Holes found in Windows XP update
From the BBC
Reported bugs in SP2 let files find their way onto users' machines
Barely hours after home users started securing their PCs with a key update for Windows XP, security experts have found ways around it.
The SP2 update makes XP less attractive to virus writers and malicious hackers by plugging widely exploited loopholes.
But discoveries by security firms Secunia and German company Heise show that some holes have been left open.
Microsoft said it was investigating one of the new bugs but said no users had been caught out by this loophole.
The bug Microsoft is looking into lets malicious programs hide as images that automatically install and then run when Windows is re-started.
Microsoft only put the SP2 security patch for the Home edition of Windows XP on its auto-update servers this week.
SP2 provides a single place for people to control anti-virus software, firewall and XP updates as well as blocking pop-up ads, some spyware and warning about the dangers of e-mail attachments.
Pop-up ads blocked
Revamped firewall on by default
Outlook Express, Internet Explorer and Windows Messenger warn about attachments
Origins of downloaded files logged
Web graphics in e-mail no longer loaded by default
Some spyware blocked
Users regularly reminded about Windows Updates
Security Centre brings together information about anti-virus, updates and firewall
Protection against buffer over-runs
Windows Messenger Service turned off by default
The update also tweaks XP to make it less vulnerable to the bugs exploited by viruses and other malicious programs.
But security expert Secunia has posted information about a bug in Internet Explorer that could, it says, let a malicious website "plant an arbitrary executable file in a user's start-up folder".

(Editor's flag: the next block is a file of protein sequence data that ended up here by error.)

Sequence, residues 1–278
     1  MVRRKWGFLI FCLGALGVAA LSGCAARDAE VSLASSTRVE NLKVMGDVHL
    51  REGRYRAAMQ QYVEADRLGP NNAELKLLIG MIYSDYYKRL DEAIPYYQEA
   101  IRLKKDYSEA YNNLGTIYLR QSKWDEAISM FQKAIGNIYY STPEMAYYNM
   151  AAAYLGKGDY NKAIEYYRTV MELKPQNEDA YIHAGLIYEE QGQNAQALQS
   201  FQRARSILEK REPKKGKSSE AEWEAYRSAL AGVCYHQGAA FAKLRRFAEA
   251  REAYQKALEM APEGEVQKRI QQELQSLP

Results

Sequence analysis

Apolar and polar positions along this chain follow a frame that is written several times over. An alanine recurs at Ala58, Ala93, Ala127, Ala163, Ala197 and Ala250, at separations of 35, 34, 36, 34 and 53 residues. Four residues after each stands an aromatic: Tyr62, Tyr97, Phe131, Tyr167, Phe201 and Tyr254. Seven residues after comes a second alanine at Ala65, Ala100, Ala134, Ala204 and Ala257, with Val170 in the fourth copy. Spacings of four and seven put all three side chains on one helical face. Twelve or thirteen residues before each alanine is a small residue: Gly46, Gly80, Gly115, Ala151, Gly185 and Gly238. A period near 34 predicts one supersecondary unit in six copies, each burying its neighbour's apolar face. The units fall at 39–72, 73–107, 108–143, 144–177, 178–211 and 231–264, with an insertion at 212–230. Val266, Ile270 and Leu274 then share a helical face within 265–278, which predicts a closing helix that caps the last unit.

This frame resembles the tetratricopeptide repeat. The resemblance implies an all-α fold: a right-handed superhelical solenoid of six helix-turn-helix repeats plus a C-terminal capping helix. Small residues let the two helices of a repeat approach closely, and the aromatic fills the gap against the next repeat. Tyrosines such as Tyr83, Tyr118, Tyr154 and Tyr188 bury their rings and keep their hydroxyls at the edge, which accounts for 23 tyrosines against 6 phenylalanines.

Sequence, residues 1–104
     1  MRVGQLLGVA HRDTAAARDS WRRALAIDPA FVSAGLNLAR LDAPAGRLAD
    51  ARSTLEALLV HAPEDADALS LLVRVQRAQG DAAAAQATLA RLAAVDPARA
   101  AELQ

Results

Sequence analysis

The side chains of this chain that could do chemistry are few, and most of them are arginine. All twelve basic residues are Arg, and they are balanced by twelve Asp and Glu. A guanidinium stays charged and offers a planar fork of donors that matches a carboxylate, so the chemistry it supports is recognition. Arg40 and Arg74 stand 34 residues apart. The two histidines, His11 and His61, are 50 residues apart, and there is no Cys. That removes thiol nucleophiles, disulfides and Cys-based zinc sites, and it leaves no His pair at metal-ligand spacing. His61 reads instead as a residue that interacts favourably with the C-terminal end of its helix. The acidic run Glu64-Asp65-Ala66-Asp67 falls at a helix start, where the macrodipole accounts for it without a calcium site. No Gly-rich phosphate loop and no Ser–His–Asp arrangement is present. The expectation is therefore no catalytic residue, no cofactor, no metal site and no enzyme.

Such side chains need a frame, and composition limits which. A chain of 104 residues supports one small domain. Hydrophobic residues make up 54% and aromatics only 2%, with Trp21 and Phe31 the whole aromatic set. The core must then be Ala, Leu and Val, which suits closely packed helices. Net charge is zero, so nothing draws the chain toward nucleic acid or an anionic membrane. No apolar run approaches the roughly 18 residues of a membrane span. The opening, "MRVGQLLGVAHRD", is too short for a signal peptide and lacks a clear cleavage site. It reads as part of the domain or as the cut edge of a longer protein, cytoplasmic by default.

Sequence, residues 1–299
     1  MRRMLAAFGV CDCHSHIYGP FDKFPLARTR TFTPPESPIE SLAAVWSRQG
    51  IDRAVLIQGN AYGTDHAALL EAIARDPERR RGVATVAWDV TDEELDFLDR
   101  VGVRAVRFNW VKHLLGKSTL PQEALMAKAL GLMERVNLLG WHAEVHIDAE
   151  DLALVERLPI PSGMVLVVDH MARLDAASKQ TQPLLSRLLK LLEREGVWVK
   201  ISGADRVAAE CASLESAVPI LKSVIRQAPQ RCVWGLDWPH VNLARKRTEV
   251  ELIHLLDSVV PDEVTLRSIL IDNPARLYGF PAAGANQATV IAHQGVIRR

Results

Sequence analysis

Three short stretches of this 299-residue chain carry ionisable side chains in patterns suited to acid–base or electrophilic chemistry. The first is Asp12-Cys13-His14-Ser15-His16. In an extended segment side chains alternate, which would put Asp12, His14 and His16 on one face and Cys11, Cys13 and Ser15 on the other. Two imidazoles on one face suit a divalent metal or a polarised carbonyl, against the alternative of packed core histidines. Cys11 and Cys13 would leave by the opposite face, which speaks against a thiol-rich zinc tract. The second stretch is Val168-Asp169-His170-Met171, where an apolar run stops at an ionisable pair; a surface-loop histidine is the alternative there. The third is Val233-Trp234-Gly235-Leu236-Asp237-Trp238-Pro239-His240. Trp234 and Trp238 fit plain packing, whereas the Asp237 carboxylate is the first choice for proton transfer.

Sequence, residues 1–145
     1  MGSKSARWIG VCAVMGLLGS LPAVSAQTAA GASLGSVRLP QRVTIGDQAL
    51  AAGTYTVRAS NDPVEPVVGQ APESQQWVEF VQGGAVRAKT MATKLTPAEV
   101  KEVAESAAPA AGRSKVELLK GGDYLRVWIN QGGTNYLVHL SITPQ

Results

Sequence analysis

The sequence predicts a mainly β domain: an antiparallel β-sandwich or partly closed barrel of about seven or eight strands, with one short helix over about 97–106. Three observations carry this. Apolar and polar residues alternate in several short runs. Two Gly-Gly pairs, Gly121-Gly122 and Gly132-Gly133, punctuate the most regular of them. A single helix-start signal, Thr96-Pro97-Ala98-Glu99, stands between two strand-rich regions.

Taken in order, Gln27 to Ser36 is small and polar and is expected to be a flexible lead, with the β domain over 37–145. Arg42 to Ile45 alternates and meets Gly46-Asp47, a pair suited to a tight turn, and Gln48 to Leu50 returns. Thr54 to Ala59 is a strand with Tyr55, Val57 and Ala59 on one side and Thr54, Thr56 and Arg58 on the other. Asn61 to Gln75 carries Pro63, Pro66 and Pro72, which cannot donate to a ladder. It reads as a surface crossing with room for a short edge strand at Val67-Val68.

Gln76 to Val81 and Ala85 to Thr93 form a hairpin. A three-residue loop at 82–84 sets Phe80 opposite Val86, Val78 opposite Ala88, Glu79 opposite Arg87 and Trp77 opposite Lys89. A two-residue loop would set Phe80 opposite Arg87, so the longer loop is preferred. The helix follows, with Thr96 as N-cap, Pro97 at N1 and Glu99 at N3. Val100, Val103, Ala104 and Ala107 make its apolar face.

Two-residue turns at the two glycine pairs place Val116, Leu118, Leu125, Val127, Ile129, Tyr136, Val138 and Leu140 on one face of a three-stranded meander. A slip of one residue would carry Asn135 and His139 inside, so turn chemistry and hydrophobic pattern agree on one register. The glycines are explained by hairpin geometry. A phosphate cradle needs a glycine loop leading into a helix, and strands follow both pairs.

When an infected system is re-booted, the planted program will run.
The bug works on systems patched with SP2.
The loophole, which strikes when files are dragged and dropped from the net on to a local zone, was found by an ethical hacker who goes by the handle of http-equiv.
A demonstration of the bug has been posted on the Malware website.
"Given the significant amount of user action required to execute an attack, Microsoft does not consider this to be a high risk for customers," said Paul Randle, head of all things XP at Microsoft UK.
But he added that Microsoft was investigating to see what action needed to be taken to deal with the bug.
Other problems with SP2 were discovered by German security firm Heise, which published information about two of them.
Heise found that the system SP2 introduces to warn users about the dangers of running untrusted files downloaded from the net can be subverted.
The company found a way to trick Windows into running net-downloaded files without warning users about what was happening.
When Heise asked Microsoft about the bugs, the software giant said it did not think that it needed to produce patches or workarounds to tackle them.
The vulnerabilities discovered have are not being exploited in the wild and have only been demonstrated as working in ideal circumstances.
However, Microsoft has produced a so-called hotfix for SP2 to help tackle a problem some people are having with programs that use particular net addresses.